With the new year comes new retirement plan guidelines, so if you’re contributing to a plan (IRA, 401k, SEP, etc.) you should check to see if your contribution limits have increased, especially if you turn 50 in 2024.  Conversely, if you’re talking Required Minimum Distributions, we have those amounts calculated and can help you make those withdrawals. 

There are a couple of market closures coming up.  Martin Luther King Jr. Day is on January 15 and Presidents Day is on February 19.  If you make estimated tax payments, January 16 is your deadline.  If you turn 65 this year, don’t forget to enroll in Medicare, as penalties apply for failing to do so.

1099’s will be mailed beginning in mid-February.  As always, amended and delayed 1099’s may be mailed as late as March 15.  So, while you might not be able to file until you get those, we recommend using the next couple of months to prepare your other tax paperwork.  You have until April 15 to make IRA contributions for 2023. 

If you have questions about these or other financial matters, please don’t hesitate to call your advisor.  If you know someone else who would benefit from any of this information, please don’t hesitate to share it with them.  Or, you can ask us to reach out to them if that is more comfortable.

As always, these opinions are mine, and may or may not be the same as those of Raymond James.  This is not a solicitation to invest, although we do invite you to review your portfolio with us to see if any changes should be made.  

Past performance may not be indicative of future results. There is no assurance any of the trends mentioned will continue or forecasts will occur.  Investing involves risk including the possible loss of capital. Asset allocation and diversification do not guarantee a profit nor protect against loss.  There is an inverse relationship between interest rate movements and bond prices. Generally, when interest rates rise, bond prices fall and when interest rates fall, bond prices generally rise.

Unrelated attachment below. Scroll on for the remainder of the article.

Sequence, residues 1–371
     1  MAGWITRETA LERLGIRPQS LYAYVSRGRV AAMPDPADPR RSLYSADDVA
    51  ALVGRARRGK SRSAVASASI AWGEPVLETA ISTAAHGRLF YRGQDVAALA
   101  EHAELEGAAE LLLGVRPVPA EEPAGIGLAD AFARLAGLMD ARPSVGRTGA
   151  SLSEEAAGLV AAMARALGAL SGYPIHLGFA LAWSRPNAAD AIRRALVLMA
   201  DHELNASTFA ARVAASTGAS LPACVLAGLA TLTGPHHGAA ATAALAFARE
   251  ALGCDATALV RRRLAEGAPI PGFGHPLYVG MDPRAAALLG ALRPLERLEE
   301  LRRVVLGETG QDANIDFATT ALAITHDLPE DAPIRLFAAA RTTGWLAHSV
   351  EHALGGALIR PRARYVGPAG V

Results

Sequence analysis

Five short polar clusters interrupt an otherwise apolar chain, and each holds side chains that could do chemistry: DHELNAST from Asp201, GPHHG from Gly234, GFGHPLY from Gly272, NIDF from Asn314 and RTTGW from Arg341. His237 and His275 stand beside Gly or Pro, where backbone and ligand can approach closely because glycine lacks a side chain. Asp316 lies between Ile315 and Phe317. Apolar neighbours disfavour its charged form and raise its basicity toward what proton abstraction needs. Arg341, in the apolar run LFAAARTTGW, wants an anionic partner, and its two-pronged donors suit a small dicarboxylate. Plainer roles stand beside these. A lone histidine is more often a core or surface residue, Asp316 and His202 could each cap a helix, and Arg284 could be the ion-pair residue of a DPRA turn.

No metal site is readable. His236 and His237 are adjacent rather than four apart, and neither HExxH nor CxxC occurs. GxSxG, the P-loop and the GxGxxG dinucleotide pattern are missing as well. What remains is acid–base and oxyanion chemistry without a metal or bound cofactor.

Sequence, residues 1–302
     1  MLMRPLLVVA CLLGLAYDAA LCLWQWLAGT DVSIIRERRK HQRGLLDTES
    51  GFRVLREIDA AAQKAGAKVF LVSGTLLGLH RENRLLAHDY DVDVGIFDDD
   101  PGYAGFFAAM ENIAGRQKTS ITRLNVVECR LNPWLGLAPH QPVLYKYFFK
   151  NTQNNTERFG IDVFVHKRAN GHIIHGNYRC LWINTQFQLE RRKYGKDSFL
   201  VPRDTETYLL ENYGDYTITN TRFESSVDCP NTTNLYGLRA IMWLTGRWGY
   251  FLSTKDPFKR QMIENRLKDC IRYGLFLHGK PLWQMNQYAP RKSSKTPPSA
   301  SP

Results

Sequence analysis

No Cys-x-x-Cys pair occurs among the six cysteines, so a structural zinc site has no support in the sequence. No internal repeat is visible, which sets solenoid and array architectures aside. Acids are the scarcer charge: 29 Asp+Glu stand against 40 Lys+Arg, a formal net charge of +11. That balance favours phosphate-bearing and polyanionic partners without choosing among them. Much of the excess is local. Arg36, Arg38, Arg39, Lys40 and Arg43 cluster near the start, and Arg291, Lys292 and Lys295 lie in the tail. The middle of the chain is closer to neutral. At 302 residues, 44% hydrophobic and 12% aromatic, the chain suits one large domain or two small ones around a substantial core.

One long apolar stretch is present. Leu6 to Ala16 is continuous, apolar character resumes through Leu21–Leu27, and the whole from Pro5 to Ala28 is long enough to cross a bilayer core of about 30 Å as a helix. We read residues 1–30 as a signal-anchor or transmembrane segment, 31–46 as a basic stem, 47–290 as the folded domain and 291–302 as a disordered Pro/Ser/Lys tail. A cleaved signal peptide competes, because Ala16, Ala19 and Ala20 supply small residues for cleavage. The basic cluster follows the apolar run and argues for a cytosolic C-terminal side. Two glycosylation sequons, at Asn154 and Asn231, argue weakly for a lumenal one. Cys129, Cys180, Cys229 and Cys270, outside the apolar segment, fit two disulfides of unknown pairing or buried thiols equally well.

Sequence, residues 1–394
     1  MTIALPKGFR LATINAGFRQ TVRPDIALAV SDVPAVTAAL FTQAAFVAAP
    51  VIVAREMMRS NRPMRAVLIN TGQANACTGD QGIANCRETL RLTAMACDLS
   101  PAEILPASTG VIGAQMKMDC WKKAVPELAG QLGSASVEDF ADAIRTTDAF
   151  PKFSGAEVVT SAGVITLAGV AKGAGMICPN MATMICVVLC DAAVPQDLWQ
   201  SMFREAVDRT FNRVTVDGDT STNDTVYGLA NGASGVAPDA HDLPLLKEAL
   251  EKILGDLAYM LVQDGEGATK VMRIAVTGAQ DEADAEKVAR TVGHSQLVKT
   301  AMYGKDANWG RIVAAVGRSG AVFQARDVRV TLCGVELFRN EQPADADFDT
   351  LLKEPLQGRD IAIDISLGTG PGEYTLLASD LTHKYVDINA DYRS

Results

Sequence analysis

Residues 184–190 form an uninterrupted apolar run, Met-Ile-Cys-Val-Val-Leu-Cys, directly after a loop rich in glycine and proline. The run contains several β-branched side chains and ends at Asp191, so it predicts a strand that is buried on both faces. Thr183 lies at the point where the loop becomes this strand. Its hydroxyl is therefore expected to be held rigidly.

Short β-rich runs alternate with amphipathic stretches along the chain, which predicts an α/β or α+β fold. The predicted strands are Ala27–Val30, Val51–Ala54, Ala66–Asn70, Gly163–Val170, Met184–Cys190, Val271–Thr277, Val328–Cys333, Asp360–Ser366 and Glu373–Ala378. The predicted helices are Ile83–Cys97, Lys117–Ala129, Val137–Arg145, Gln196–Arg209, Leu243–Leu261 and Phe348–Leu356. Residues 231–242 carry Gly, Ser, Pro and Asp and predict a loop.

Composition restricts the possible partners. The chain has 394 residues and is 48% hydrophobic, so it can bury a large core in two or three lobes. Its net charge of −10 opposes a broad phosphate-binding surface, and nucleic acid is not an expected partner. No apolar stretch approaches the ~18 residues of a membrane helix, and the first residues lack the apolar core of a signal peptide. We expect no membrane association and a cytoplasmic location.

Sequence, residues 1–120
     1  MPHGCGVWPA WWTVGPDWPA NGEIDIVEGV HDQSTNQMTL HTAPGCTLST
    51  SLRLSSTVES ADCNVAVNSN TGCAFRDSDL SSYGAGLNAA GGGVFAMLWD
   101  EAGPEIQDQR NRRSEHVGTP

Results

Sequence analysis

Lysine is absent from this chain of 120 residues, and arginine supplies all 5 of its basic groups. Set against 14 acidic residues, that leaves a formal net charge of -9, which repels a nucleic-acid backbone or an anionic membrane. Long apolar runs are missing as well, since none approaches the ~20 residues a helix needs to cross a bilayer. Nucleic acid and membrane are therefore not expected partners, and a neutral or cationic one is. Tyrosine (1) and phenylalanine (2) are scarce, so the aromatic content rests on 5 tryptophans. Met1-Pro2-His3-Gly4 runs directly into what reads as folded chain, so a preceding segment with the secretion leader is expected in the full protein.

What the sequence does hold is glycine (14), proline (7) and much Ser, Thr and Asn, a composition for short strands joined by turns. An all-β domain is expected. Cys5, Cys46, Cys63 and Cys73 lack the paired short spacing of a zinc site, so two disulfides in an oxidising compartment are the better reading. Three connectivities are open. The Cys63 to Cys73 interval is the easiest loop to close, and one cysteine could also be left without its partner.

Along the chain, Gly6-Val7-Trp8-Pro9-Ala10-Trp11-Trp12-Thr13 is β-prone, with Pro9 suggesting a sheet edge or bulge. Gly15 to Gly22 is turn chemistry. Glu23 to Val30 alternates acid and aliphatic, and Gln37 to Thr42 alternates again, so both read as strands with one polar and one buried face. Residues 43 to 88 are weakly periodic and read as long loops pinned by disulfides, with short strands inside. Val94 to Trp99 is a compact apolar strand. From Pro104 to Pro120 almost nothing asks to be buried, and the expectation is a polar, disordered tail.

The forgoing is not a recommendation to buy or sell any individual security or any combination of securities. 
The S&P 500 is an unmanaged index of 500 widely held stocks that is generally considered representative of the U.S. stock market. Individuals cannot invest directly in any index.   The Dow Jones Industrial Average (DJIA), commonly known as “The Dow” is an index representing 30 stocks of companies maintained and reviewed by the editors of the Wall Street Journal.  The NASDAQ composite is an unmanaged index of securities traded on the NASDAQ system.  The Bloomberg Barclays US Aggregate Bond Index is a broad based flagship benchmark that measures the investment grade, US dollar-denominated, fixed-rate taxable bond market.   U.S. government bonds and Treasury notes are guaranteed by the U.S. government and, if held to maturity, offer a fixed rate of return and guaranteed principal value. U.S. government bonds are issued and guaranteed as to the timely payment of principal and interest by the federal government. Treasury notes are certificates reflecting intermediate-term (2 – 10 years) obligations of the U.S. government.  Every investor’s situation is unique, and you should consider your investment goals, risk tolerance and time horizon before making any investment.
The foregoing information has been obtained from sources considered to be reliable, but we do not guarantee that it is accurate or complete, it is not a statement of all available data necessary for making an investment decision, and it does not constitute a recommendation. Any opinions are those of Scott Mitchell and not necessarily those of Raymond James.  Expressions of opinion are as of this date and are subject to change without notice.  Raymond James does not provide tax or legal services.  Please discuss these matters with the appropriate professional.